Speaking at the Wellesley College, late author Toni Morrison left all platitudes behind. She spoke from the heart. Instead of talking about ways the gathered students could prepare for a future, she admitted her uncertainty regarding its existence. “I’m not going to talk anymore about the future because I’m hesitant to describe or predict because I’m not even certain that it exists. That is to say, I’m not certain that somehow, perhaps, a burgeoning ménage a trois of political interests, corporate interests and military interests will not prevail and literally annihilate an inhabitable, humane future. Because I don’t think we can any longer rely on separation of powers, free speech, religious tolerance or unchallengeable civil liberties as a matter of course. That is, not while finite humans in the flux of time make decisions of infinite damage. Not while finite humans make infinite claims of virtue and unassailable power that are beyond their competence, if not their reach. So, no happy talk about the future,” she said.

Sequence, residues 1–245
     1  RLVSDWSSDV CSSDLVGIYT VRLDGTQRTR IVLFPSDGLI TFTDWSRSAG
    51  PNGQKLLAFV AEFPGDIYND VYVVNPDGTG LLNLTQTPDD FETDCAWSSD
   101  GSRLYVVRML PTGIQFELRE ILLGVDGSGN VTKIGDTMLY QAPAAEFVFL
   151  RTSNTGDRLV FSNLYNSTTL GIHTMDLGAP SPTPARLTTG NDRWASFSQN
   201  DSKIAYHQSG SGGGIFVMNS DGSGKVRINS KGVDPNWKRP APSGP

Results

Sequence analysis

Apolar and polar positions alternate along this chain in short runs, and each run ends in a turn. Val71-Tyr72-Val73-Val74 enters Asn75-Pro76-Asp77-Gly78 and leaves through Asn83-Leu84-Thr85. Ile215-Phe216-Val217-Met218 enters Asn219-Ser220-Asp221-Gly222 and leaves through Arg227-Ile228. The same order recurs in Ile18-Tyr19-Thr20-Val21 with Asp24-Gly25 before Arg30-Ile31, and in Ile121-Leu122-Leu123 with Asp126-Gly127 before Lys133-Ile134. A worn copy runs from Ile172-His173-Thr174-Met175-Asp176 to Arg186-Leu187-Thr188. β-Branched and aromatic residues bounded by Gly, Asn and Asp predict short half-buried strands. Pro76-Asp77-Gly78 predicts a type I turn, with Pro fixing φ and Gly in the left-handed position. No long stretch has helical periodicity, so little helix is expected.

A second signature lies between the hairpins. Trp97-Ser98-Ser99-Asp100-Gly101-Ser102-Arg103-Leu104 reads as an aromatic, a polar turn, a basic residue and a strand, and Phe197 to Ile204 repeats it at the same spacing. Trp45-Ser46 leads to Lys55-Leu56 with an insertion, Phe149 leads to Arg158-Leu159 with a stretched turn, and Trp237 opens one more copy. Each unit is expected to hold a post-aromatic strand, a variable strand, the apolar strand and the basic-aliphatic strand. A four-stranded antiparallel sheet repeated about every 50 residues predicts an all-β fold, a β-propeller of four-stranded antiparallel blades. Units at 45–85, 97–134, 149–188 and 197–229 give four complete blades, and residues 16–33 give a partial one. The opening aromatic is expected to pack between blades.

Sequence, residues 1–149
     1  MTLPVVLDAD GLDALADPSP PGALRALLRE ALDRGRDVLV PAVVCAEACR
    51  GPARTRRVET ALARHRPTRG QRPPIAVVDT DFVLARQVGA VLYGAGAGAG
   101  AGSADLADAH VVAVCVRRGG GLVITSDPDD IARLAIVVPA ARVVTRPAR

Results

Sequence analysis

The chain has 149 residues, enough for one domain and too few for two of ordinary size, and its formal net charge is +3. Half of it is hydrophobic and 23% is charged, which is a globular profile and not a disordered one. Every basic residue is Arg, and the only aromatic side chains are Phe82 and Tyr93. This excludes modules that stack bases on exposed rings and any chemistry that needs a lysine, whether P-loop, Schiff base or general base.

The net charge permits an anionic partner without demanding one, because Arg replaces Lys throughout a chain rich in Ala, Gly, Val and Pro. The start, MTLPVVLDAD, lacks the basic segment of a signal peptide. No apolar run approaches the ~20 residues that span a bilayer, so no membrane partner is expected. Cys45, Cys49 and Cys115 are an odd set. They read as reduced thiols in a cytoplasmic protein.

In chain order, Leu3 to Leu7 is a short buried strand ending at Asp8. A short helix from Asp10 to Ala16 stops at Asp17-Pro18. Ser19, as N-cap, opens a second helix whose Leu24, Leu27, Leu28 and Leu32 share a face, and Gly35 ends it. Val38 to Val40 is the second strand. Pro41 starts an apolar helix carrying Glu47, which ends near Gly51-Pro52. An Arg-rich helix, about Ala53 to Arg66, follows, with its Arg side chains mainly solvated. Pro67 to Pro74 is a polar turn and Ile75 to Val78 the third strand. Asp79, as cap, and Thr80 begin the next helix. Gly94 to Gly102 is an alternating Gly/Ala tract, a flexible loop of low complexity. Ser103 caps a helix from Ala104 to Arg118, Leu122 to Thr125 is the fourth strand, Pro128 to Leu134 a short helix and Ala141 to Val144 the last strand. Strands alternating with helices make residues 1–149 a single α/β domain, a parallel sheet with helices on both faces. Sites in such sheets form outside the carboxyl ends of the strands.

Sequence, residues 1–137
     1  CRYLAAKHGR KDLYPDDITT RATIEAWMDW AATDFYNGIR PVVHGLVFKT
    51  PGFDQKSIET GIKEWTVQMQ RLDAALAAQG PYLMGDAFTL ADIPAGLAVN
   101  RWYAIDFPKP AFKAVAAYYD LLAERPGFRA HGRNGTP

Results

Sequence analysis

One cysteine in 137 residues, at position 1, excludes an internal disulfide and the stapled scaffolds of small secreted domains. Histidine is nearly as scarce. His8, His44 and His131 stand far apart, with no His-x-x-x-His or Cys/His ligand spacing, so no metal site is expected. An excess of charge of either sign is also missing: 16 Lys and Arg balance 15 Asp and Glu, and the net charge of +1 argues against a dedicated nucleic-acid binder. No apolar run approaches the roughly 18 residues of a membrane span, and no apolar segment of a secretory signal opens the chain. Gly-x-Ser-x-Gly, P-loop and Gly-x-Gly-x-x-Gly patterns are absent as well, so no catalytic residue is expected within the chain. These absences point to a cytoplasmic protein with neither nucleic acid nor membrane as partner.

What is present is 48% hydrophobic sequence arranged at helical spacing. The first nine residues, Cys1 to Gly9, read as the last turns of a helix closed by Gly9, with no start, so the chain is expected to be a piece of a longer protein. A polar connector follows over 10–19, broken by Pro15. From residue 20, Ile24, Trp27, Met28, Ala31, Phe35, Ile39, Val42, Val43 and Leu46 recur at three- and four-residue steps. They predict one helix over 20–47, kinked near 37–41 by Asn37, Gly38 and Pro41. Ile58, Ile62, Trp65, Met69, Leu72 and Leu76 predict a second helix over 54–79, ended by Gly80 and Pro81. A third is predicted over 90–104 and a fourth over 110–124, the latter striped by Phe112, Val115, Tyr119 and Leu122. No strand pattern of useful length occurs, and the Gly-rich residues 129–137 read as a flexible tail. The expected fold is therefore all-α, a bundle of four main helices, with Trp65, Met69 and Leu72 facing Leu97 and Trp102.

She asked them to forge their own path instead, to take the rein of their future in their own hands. “What is now known is not all what you are capable of knowing. You are your own stories, and therefore free to imagine and experience what it means to be human without wealth. What it feels like to be human without domination over others, without reckless arrogance, without fear of others unlike you, without rotating, rehearsing and reinventing the hatreds you learned in the sandbox.”
She concluded with a piece of profound advice. “I see your life as already artful, waiting, just waiting and ready for you to make it art.”